Concentration
George William Russell - A.E.

Beyond waking, dreaming and deep sleep is Turya. Here there is a complete change of condition; the knowledge formerly sought in the external world is now present within the consciousness; the ideations of universal mind are manifest in spiritual intuitions. The entrance to this state is through Jagrata, Svapna, and Sushupti, and here that spiritual unity is realized, the longing for which draws the soul upwards through the shadowy worlds of dreaming and deep sleep.  I have thought it necessary to supplement the brief statement made in the previous number by some further remarks upon concentration, for the term applied without reference to the Turya state is liable to be misunderstood and a false impression might arise that the spiritual is something to be sought for outside ourselves. The waking, dreaming and deep sleep states correspond to objective worlds, while Turya is subjective, including in itself all ideals.  If this is so, we can never seek for the true beyond ourselves; the things we suppose we shall come sometime realize in spiritual consciousness must be present in it now, for to spirit all things are eternally present. Advance to this state is measured by the realization of moods:  we are on the path when there surges up in the innermost recesses of our being the cry of the long imprisoned souls of men; we are then on our way to unity.

The Bhagavad-Gita which is a treatise on Raja Yoga, gives prominence to three aspects of concentration.  Liberation is attained by means of action, by devotion, by spiritual discernment; these aspects correspond respectively to three qualities in man and nature, known as Tamas, Rajas and Satva. The Tamas is the gross, material or dark quality; Rajas is active and passional; the attributes of Satva are light, peace, happiness, wisdom. No one while in the body can escape from the action of the three qualities, for they are brought about by nature which is compounded of them. We have to recognize this, and to continue action, aspiration and thought, impersonally or with some universal motive, in the manner nature accomplishes these things. Not one of these methods can be laid aside or ignored, for the Spirit moveth within all, these are its works, and we have to learn to identify ourselves with the moving forces of nature.

Having always this idea of brotherhood or unity in mind, by action - which we may interpret as service in some humanitarian movement - we purify the Tamas.

By a pure motive, which is the Philosopher's Stone, a potent force in the alchemy of nature, we change the gross into the subtle, we initiate that evolution which shall finally make the vesture of the soul of the rare, long-sought-for, primordial substance. Devotion is the highest possibility for the Rajas; that quality which is ever attracted and seduced by the beautiful mayas of fame, wealth and power, should be directed to that which it really seeks for, the eternal universal life; the channels through which it must flow outwards are the souls of other men, it reaches the One Life through the many. Spiritual discernment should be the aim of the Satva, "there is not anything, whether animate or inanimate which is without me," says Krishna, and we should seek for the traces of THAT in all things, looking upon it as the cause of the alchemical changes in the Tamas, as that which widens the outflowing love of the Rajas. By a continued persistence of this subtle analytic faculty, we begin gradually to perceive that those things which we formerly thought were causes, are in reality not causes at all; that there is but one cause for everything, "The Atma by which this universe is pervaded.  By reason of its proximity alone the body, the organs, Manas and Buddhi apply themselves to their proper objects as if applied (by some one else)." (The Crest Jewel of Wisdom). By uniting these three moods, action, devotion and spiritual discernment, into one mood, and keeping it continuously alight, we are accompanying the movements of spirit to some extent.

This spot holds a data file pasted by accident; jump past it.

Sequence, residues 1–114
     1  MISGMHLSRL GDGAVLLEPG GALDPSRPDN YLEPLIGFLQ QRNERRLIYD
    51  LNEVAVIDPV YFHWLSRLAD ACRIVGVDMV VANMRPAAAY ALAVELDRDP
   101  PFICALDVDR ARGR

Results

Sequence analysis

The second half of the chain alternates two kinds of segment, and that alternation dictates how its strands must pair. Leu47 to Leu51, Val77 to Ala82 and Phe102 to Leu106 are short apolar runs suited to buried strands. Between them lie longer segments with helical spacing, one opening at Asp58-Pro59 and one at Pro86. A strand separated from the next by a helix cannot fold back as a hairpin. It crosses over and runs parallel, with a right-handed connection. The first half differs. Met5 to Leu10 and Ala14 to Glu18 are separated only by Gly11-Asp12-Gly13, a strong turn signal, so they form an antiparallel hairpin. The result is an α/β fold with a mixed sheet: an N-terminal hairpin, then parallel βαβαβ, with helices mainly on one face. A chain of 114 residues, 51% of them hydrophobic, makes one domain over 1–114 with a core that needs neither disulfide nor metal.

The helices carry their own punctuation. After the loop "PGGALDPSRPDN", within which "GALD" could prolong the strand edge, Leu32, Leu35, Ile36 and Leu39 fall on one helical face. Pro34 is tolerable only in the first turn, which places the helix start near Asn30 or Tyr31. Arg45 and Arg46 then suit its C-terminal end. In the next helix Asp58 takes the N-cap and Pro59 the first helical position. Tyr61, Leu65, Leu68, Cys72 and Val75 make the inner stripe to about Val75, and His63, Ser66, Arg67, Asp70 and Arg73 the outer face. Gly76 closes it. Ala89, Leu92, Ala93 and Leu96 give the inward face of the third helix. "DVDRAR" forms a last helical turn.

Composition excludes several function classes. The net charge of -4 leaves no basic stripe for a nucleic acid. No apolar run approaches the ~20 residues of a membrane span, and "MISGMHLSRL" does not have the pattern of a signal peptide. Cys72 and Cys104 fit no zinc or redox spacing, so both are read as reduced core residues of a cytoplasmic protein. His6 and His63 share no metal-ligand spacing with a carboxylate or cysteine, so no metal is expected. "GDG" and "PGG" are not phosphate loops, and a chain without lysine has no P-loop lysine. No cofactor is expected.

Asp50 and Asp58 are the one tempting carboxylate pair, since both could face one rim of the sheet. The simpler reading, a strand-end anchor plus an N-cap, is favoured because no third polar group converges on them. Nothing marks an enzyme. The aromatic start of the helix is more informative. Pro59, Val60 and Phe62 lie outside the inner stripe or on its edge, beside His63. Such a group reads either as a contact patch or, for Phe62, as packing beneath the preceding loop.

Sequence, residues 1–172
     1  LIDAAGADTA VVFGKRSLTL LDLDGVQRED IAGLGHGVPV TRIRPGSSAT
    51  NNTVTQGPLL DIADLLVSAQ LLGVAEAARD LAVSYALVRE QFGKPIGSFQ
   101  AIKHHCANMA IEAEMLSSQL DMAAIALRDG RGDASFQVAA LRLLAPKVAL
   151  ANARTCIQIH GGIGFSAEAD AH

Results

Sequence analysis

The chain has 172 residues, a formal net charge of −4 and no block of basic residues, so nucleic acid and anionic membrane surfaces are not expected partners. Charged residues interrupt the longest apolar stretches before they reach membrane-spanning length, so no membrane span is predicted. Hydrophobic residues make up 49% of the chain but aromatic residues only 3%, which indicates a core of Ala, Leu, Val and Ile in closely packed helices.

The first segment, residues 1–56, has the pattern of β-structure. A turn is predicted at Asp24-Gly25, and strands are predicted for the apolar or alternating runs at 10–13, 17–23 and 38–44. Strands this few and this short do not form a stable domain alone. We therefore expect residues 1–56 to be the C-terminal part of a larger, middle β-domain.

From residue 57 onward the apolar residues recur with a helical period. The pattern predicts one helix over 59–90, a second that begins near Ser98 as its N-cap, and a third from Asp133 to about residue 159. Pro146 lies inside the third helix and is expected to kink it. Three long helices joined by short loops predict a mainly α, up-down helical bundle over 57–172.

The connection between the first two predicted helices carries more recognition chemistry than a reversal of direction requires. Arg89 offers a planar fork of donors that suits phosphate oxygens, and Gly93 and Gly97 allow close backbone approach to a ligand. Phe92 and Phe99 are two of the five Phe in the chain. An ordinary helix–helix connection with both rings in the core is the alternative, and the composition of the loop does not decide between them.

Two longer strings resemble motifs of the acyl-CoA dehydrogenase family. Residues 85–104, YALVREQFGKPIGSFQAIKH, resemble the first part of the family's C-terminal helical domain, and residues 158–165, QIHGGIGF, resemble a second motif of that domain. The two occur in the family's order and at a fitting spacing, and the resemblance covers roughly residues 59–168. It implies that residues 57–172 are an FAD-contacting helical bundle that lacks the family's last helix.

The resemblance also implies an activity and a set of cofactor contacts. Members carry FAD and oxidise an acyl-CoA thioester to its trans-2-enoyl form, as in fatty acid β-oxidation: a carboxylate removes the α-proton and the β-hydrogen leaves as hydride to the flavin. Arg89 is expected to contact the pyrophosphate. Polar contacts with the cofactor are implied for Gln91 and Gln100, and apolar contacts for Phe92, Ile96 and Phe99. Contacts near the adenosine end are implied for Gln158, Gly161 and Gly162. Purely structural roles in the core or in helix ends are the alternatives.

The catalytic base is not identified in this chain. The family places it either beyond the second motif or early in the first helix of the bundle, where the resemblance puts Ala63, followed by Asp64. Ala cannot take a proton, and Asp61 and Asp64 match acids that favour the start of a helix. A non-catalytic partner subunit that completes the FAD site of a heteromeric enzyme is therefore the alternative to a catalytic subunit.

This harmonious action of all the qualities of our nature, for universal purposes without personal motive, is in synchronous vibration with that higher state spoken of at the beginning of the paper; therefore we are at one with it. "When the wise man perceiveth that the only agents of action are these qualities, and comprehends that which is superior to the qualities of goodness, action and indifference - which are co-existent with the body, it is released from rebirth and death, old age and pain, and drinketh of the water of immortality."

Irish Theosophist, February 15, 1893

Present article was scanned and proofread and made available for publication by Mr. Jake Jaqua.

Last update: januar 2009
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